18 shareholders. Therefore, such a poison pill is useful only for corporations looking to prevent a full acquisition (Pearce & Robinson, 2004). Once again these different forms of the poison pill have general weakness, which is that these pills can easily be redeemed by the board of directors and are thereby not extremely effective on its own. Therefore, you must have some kind of defense mechanism which protects the pill by making it difficult or impossible for the bidder to enter the board and thus redeem the pill its self, one of these measures would be to combine it with a staggered board (Bebchuk, Coates & Subramanian, 2002) Super-Majority Amendment Typically, when it comes to making decisions regarding a merger, approving takeover or other large decisions in a company you need a majority of the votes, >50 per cent of the votes, to approve the decision, meaning shares. But if a company implements a super-majority amendment in its corporate chart then this defense measure can raise this specific per cent age needed to approve large majority decisions to somewhere between per cent. This amendment can only be placed in the companies chart by the shareholders and not by the board of directors, but it is the board who can decide to activate it. Regarding this defense strategy, the bidder does not actually have to own the share to complete a merger, it only have to present a merger proposal which then the shareholders have to vote on, but now have to acquire a larger acceptance (Ruback, 1988). Some super-majority amendments apply to all mergers and others does only apply in the event of a hostile takeover or when it involves a large stockholder. These amendments are often accompanied by escape clauses which allow the board of directors to redeem the amendment if the board decides to change its attitude towards the bid and enter negotiations thus not restraining the boards managerial power. However, this defense measure, once again, does not alone stop a bidding company from buying and acquiring a large stock of the targeted company. As with the poison pill this measure makes it impossible for a bidder to immediately gaining control over the company and thus making the deal costly and unattractive. Instead the targeted company buys time to reflect over the bid and perhaps negotiate or pressure the bidder to present a higher premium offer (Ruback, 1988). 18

19 2.4.4 Golden Parachutes Golden Parachute as a defense strategy is a special and lucrative package, which aims to stagger and make hostile takeovers more expensive by distributing what is usually a lumpsum payment to the board of directors of the target company. The defense strategy sets in motion as soon as the acquiring firm has acquired a specific amount of the target company s shares; the average per cent is 26.6 according to Lambert and Larcker (1985).The strategy is usually implemented in combination with other takeover defense measurements and according to a survey done by Lambert and Larcker, implementing golden parachutes as a line in defense measurements against hostile takeovers, on an average increased the wealth of the shareholders by 3 per cent. The Golden Parachute s primary function in a hostile takeover is to align incentives between shareholders and the executives of the target company as there generally are concerns about executives who face a hostile takeover while risking losing their jobs, oppose the bid even when it increases the value for shareholders. Furthermore, Walking and Long (1984) in support of this rationale, concluded that the probability of executives opposing a takeover bid, is directly related to the takeover s effect on their personal wealth. Thus, Golden Parachutes are in fact intended to help executives resist takeover attempts that endanger their jobs by aligning their wealth more closely with the shareholder s interests (Pearce & Robinson, 2004). Also, it is argued that if receiving a large payment in the event of a job loss, the managers will be less inclined to block any takeover attempts and therefore evaluating the best decision for the shareholders (Harris, 1990). In conclusion of this chapter, implementing a golden parachute defense strategy could potentially help stagger and make a hostile takeover more expensive, though only to a certain degree. In general the cash payments as a cause of the golden parachute strategy are only a drop in the ocean compared to what the whole acquirement as a whole would cost and for this reason, one could argue the real effectiveness of the golden parachute strategy. 19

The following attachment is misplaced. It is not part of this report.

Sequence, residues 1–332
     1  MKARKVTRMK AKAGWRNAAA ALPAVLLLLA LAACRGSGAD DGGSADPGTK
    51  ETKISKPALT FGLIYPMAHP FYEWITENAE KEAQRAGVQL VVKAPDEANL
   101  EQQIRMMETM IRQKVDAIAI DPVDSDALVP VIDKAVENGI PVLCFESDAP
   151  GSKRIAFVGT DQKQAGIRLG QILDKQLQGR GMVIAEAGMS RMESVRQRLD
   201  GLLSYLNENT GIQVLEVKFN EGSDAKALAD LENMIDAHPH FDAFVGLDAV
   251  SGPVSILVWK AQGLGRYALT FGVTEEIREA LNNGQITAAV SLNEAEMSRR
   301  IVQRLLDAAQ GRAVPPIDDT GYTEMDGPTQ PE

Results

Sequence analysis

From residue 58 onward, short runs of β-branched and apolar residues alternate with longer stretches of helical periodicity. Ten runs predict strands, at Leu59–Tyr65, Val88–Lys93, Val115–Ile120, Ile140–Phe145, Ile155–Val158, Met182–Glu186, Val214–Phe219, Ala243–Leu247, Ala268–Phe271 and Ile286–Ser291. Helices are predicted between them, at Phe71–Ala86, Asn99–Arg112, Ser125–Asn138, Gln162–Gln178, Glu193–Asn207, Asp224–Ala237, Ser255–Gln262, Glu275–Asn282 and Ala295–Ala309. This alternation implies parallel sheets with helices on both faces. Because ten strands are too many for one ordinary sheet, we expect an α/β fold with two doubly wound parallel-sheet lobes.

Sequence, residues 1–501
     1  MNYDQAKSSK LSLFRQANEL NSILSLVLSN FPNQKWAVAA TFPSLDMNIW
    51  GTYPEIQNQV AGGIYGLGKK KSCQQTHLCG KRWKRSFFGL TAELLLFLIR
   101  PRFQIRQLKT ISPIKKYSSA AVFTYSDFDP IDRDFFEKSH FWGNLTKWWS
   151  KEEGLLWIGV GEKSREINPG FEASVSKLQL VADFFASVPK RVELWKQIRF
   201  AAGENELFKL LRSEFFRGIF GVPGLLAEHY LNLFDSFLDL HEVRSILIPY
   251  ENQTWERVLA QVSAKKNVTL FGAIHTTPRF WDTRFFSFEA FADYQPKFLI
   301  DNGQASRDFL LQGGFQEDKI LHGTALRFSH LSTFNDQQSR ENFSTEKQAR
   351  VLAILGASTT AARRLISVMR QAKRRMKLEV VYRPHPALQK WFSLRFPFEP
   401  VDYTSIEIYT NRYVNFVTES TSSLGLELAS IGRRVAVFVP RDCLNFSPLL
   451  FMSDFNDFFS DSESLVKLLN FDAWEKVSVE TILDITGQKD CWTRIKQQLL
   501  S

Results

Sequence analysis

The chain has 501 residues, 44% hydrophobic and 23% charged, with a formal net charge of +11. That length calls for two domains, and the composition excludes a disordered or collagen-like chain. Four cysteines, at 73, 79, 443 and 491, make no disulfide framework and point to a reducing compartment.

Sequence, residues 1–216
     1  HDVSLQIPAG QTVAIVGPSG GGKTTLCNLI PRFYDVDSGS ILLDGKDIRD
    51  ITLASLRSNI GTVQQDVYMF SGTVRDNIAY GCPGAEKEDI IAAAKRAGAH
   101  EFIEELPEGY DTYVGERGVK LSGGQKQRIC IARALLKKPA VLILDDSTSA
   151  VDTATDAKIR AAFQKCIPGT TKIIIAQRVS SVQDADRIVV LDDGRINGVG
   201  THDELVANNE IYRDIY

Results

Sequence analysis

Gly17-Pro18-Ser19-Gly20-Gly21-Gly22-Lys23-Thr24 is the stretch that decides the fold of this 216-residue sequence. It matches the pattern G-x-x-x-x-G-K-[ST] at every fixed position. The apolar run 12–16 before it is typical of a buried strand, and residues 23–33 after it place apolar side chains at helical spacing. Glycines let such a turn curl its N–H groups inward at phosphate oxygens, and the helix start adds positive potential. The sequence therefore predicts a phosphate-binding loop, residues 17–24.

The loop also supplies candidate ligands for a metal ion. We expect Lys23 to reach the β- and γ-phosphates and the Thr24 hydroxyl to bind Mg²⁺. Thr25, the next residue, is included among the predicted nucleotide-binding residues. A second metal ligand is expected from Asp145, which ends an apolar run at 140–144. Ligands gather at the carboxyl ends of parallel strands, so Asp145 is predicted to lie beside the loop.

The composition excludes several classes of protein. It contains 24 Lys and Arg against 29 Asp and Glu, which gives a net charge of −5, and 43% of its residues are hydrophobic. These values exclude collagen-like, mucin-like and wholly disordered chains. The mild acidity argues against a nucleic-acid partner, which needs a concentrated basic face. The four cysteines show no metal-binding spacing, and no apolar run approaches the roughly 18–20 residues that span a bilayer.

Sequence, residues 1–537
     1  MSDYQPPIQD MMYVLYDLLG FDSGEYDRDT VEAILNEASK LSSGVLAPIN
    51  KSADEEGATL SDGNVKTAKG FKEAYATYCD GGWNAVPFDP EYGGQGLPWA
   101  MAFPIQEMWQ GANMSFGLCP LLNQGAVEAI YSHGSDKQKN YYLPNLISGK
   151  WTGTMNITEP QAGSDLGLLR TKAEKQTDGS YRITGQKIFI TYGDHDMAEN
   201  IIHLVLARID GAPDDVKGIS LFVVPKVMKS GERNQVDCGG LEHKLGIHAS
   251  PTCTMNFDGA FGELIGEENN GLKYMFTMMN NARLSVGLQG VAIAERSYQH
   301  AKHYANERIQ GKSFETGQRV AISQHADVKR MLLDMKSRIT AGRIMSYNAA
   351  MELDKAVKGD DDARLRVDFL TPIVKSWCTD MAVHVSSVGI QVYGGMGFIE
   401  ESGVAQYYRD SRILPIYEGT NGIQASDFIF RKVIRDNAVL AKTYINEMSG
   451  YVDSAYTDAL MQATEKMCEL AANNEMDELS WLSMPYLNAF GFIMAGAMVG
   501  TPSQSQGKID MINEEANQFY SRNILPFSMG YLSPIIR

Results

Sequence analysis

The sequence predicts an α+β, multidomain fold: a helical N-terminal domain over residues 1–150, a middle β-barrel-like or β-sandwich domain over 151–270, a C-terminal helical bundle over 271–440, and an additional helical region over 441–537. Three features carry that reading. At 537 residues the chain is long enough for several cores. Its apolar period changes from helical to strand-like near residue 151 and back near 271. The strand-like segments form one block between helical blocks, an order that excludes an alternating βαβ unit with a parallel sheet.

20 2.5 Reactive Defense Measures Attack the Logic of The Bid By attacking the logic of the bid, the board is trying to persuade the shareholders that a fusion will have a harmful outcome on both the company and the stock price. This is considered to be an effortless and cost beneficial tactic when facing a hostile bid. Arguments used is often that the bid is too low and is not adequately representative to the real value of the firm, that the two involved firms are operating in different industries and fusion will therefore have undesirable effect for the future. The board can also try to discourage their shareholders beliefs about the acquiring company through accusing them of being incompetent and only trying to acquire the firm s assets. That action may not go as planned and maybe result in shareholder thinking that the board is only interested in keeping their positions and not taking the shareholders wealth in consideration (Weston et al, 2004). Management can also devolve insider information to other potential bidders, to encourage them to enter the bidding contest thus increasing the probability of a higher bid. Management could also raise doubt the merger and encourage shareholders to hold their shares for additional bids (Turk, 1992) White Knight & White Squire These two defense measures require and involve a third party. In the first, the targeted firm seeks for a friendly firm which can acquire a majority stake in the company and is therefore called a white knight. Whit a white knight the management of the targeted company can negotiate several deals that do not have to include a full takeover of the firm and risk losing their positions. A white knight can be chosen for several reasons such as; friendly intentions,, belief of better fit, belief of better synergies, belief of not dismissing employees or historical good relationships. The intention of the white knight strategy is to make sure that the company remains independent but could also be used to play the other two parties against each other to further sweeten the bid. However, the most common outcome of a white knight strategy would be that targeted firm eventually gets overtaken by the white knight. This implies that it is not always certain that the targeted company will remain independent but instead slips away from a hostile bidder which would suggest greater restructuring of the firm. The problem with this strategy is the complicated process of finding the white knight, because they do not often present them self (Weston, 2001). 20